August 11, 2022

CPI ‘unchanged’ in July, says NAFCU Chief Economist

Data Flash On a seasonally-adjusted basis, overall consumer prices were unchanged in July with the Bureau of Labor Statistics reporting the overall consumer price index (CPI) grew by 8.5 percent over the 12-month period, marking the slowest month-over-month growth in prices since April 2020. NAFCU Chief Economist and Vice President of Research Curt Long analyzes the data in a new Macro Data Flash report

“Energy prices were a key contributor to the slowdown, as gas prices fell 7.7 percent during the month,” noted Long. “Separately, airfares also dropped by 1.8 percent following a 12.6 percent increase in June as jet fuel costs fell.”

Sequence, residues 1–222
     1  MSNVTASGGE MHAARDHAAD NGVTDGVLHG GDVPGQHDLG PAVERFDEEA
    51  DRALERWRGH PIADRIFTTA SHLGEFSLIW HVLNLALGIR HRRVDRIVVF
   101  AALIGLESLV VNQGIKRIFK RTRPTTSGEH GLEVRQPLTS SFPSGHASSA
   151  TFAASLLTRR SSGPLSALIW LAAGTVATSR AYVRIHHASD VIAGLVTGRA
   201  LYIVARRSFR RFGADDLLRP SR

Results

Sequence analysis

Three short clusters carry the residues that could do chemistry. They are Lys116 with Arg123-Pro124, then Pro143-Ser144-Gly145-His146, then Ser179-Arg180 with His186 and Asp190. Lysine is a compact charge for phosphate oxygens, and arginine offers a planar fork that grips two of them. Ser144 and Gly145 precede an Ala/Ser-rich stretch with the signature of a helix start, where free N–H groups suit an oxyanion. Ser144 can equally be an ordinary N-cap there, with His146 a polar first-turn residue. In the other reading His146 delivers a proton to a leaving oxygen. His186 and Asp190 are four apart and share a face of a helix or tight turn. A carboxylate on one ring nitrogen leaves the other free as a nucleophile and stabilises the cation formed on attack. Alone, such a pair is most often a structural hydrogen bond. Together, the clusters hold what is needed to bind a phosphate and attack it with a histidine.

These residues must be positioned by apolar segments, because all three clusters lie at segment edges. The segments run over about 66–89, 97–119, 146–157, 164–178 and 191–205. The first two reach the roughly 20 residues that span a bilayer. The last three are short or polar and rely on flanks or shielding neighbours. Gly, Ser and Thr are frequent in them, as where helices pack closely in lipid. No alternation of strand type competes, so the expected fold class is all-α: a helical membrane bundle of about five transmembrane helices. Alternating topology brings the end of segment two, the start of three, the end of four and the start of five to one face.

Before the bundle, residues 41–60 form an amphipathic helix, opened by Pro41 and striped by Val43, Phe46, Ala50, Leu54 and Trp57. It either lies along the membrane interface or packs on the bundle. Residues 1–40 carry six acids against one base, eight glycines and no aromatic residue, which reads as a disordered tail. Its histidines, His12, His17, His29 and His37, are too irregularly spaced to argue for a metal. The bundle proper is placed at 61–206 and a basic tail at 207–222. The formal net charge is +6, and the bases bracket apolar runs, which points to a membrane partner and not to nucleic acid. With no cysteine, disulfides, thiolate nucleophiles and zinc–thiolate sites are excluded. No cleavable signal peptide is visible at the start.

Energy prices fell by 4.6  percent during the month. From a year ago, energy prices were up 32.9  percent. Additionally, food prices climbed 1.1 percent in July and are up 10.9 percent compared to this time last year.  

"Stripping out food and energy, core inflation slowed considerably from 0.7 percent growth in June to 0.3 percent last month,” added Long. "Housing costs grew by 0.7 percent, which is down a tick from June.”

Year-over-year core CPI growth was 5.9 percent. 

"All in all, the CPI report was excellent and comes as welcome relief from the under-fire Federal Reserve," concluded Long. "Markets are fairly evenly split on whether to expect a 50- or 75-basis point hike from the FOMC in September, and that question will most likely depend on the incoming data over the next month."

For more up-to-date economic updates from NAFCU's award-winning research team, view NAFCU's Macro Data Flash reports.